A Fife man who caused a three-car crash which left five people injured has been found guilty of careless driving.
Mark Taylor was standing trial accused of dangerous driving but was convicted of the alternative charge at Kirkcaldy Sheriff Court.
The 45-year-old was banned from driving for 12 months and given a £500 fine following a lengthy trial into the August 2016 incident.
The court was told Taylor’s BMW had “drifted” into the opposing carriageway on the B921 Kinglassie to Cardenden Road.
His vehicle clipped a Jaguar car which had come around the bend, sending it into an arch before it came to rest on the opposite side of the road.
A further collision occurred just seconds later when a third vehicle, a Citroen C2, crashed into Taylor’s car.
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The now disqualified driver was left with potentially “life-threatening injuries” and was airlifted to hospital. The two other occupants of his vehicle were uninjured.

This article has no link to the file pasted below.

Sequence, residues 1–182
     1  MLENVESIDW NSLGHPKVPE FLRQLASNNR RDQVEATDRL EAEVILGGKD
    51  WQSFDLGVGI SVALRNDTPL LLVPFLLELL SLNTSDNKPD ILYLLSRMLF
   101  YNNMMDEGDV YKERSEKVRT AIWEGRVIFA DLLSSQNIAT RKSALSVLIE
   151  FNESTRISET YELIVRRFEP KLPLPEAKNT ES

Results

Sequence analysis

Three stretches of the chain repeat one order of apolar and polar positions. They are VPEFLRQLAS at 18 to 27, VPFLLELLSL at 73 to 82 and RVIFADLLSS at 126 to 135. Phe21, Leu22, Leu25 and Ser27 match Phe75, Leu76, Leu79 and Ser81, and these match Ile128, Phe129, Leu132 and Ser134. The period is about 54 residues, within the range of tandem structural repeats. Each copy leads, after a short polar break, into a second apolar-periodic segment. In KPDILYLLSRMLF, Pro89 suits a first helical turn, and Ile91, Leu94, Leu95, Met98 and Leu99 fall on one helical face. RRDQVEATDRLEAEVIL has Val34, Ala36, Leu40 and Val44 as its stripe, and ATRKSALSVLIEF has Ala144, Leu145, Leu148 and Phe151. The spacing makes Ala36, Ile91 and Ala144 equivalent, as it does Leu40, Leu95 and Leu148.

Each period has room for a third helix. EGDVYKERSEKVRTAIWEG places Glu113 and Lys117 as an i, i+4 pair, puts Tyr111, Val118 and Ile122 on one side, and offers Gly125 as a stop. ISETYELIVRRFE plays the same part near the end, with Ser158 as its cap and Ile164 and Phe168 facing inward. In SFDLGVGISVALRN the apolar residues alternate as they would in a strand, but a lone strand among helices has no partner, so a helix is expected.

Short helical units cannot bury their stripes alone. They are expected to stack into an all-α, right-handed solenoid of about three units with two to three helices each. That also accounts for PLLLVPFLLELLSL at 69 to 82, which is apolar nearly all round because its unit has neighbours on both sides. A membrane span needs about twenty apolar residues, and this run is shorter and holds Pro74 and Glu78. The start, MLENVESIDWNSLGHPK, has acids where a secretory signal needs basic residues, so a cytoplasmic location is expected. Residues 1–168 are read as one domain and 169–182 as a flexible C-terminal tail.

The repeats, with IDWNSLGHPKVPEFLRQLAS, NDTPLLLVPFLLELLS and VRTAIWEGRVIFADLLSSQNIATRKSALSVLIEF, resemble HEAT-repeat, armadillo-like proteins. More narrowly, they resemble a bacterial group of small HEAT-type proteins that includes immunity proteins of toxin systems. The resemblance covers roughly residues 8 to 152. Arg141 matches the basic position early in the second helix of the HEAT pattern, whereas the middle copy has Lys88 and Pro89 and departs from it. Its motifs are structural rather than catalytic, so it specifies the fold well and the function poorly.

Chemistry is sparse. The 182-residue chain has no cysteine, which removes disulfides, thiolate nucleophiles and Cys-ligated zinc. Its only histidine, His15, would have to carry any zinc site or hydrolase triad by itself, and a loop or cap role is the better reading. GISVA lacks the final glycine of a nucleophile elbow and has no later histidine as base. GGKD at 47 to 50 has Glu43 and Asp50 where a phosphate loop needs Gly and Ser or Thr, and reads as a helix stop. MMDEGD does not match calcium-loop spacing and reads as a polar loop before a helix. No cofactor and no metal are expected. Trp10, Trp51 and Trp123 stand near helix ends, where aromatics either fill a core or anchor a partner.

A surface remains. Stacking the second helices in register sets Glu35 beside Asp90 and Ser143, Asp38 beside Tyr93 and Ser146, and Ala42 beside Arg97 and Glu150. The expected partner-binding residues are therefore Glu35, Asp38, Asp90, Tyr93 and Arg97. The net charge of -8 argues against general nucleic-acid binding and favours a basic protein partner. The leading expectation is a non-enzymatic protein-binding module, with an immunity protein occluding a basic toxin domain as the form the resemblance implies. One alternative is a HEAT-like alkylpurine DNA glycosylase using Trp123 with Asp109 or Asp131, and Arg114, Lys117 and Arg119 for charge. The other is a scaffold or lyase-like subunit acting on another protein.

The 75-year-old driver of the Jaguar was left with minor injuries while the woman behind the wheel of the Citroen had to be cut free from the wreck.
She suffered serious injuries, as did a seven-year-old girl who was a back seat passenger in the car. A third passenger was also hurt.
Taylor, of Redcraigs, Kirkcaldy, claimed the Jaguar had been on the wrong side of the road when the collision happened but Sheriff James MacDonald said he did not accept that evidence.
Defence solicitor Iain McCafferty said his client had previous road traffic convictions, but none were for directly analogous matters.
Sheriff MacDonald said: “No penalty I can impose will reflect the impact that this matter undoubtedly has had on anyone that was involved, which of course includes you.
“There is nothing Mr Taylor could have done to avoid colliding with the Citroen.”
He added that the manner of Taylor’s driving did not meet the threshold of dangerous driving, but that it had been careless to the extent that it was not in keeping with a “competent and careful driver”.
The sheriff said he believed the collision had probably been caused by an “inexplicable momentary lapse of steering control or attention” by Taylor.